But, in my opinion, "Perlishness" isn't really about syntax, or semantics, or even features. It's about the belief that programming languages should be designed to be flexible and powerful, and should come with all the useful tools and data structures built in, and should make easy things easy and hard things possible, and should do so without getting in your way. And by every one of those measures, Perl 6 is arguably more Perlish than Perl 5.

        And as for "no resemblance (nor compatibility) at all to its erstwhile namesake", remember that I deliberately chose a Perl 6 approach that emphasized that language's many new features. The following is also a pure Perl 6 version of "bottles of beer":

        my @bottles_of_beer = map {join "", "$_ bottle", $_ ne 1 && 's' || '', " of beer"}, 'No', 1..99; my $n = 99; while ($n > 0) { say "@bottles_of_beer[$n] on the wall,\n", "@bottles_of_beer[$n].\n", "Take one down, pass it around,\n", "@bottles_of_beer[--$n] on the wall.\n"; }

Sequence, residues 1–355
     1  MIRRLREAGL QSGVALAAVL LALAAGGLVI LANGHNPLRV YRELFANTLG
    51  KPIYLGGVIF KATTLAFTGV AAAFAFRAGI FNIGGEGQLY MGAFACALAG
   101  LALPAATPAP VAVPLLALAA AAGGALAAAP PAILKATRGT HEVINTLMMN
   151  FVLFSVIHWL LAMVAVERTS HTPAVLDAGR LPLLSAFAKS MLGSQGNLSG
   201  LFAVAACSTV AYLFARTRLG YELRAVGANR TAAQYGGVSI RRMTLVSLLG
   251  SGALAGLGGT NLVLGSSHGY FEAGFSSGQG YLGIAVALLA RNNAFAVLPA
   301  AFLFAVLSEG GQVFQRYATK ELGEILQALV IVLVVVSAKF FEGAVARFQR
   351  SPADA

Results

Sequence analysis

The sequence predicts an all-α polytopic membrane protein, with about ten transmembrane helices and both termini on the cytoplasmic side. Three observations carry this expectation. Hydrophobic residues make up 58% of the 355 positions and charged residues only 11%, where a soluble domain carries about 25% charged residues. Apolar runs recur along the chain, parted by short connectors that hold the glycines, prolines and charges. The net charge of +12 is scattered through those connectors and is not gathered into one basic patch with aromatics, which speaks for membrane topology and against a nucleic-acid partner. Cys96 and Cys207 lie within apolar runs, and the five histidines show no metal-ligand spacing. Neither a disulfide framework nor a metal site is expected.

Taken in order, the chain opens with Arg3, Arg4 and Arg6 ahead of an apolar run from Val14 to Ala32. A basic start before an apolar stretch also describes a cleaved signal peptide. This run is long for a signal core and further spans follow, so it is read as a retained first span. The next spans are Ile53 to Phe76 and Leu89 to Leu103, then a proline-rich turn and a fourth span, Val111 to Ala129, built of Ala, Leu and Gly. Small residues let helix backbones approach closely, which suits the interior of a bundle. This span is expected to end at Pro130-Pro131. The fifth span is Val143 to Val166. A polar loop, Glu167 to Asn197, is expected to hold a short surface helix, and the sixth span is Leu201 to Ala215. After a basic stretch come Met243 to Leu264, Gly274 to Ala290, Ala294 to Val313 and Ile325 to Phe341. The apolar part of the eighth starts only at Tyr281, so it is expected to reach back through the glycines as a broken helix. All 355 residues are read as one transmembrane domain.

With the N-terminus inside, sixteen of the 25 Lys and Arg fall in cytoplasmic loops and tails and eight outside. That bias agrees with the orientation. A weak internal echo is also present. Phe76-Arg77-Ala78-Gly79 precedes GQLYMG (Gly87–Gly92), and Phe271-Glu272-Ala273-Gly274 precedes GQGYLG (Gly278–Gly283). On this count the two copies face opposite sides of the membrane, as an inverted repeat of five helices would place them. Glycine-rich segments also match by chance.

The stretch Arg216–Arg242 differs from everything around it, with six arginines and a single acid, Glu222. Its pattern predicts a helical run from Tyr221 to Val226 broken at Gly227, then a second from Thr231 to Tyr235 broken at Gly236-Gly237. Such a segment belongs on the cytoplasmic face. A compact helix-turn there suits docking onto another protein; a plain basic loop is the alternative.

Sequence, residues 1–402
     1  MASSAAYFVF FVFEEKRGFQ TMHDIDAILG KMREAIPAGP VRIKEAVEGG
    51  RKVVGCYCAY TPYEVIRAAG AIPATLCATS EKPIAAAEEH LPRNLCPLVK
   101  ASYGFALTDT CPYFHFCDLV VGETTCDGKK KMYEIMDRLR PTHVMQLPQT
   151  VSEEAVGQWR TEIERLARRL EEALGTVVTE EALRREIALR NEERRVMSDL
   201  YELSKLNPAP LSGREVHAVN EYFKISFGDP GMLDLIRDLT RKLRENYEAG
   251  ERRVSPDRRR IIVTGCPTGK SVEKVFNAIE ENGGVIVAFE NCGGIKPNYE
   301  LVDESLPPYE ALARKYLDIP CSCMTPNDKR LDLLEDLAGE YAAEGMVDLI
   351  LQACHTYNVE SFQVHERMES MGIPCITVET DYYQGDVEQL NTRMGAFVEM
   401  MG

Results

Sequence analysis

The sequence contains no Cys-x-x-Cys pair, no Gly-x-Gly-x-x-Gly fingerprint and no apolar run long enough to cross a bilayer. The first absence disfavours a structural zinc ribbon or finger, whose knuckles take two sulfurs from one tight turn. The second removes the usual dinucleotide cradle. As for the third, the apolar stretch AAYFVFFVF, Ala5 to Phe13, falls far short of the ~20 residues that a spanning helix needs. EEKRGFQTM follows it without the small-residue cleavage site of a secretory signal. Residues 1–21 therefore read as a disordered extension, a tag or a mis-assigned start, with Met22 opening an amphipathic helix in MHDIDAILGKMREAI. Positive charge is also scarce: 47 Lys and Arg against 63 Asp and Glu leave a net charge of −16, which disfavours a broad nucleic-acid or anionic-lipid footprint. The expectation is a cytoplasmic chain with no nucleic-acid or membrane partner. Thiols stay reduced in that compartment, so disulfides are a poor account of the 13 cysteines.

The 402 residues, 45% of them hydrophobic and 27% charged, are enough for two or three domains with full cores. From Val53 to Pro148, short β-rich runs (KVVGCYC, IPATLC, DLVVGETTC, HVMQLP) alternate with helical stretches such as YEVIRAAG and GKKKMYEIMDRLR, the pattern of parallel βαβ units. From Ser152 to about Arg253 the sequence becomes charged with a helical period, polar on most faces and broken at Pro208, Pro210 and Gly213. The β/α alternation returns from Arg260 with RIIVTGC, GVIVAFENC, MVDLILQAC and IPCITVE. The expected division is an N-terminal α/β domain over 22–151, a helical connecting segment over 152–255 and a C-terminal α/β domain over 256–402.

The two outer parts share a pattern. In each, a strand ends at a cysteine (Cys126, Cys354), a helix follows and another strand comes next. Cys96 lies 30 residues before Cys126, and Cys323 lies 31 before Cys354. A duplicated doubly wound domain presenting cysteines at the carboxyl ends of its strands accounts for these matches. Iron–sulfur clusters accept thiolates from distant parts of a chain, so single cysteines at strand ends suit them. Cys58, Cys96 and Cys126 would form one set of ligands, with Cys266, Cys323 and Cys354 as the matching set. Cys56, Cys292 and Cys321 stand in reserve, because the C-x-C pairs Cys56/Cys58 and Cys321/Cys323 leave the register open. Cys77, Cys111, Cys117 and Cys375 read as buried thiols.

I think you'd have to concede that this version bears at least some resemblance to (and compatibility with) Perl 5, given that it differs from being executable Perl 5 by exactly one character.

        Or I could have written my Perl 6 version "bottles of beer" like this:

        sub bottles { my ($n) = @_; return "No bottles" if $n == 0; return "1 bottle" if $n == 1; return "$n bottles"; } for (reverse 1..99) { say bottles($_), " of beer on the wall,"; say bottles($_), " of beer."; say "Take one down, pass it around:"; say bottles($_ - 1), " of beer on the wall."; say ""; }

        ...which is executable Perl 6 and also executable Perl 5.

        So, sure, when I use just the new features of Perl 6, it seems like a language entirely different from Perl 5. But that's just as true when I use the new features of Perl 5.20 and it seems like an entirely different language to Perl 5.8. Or when I use the new features of Perl 5.8 and it seems like an entirely different language to Perl 4. That's just the nature of all programming language development.

        Damian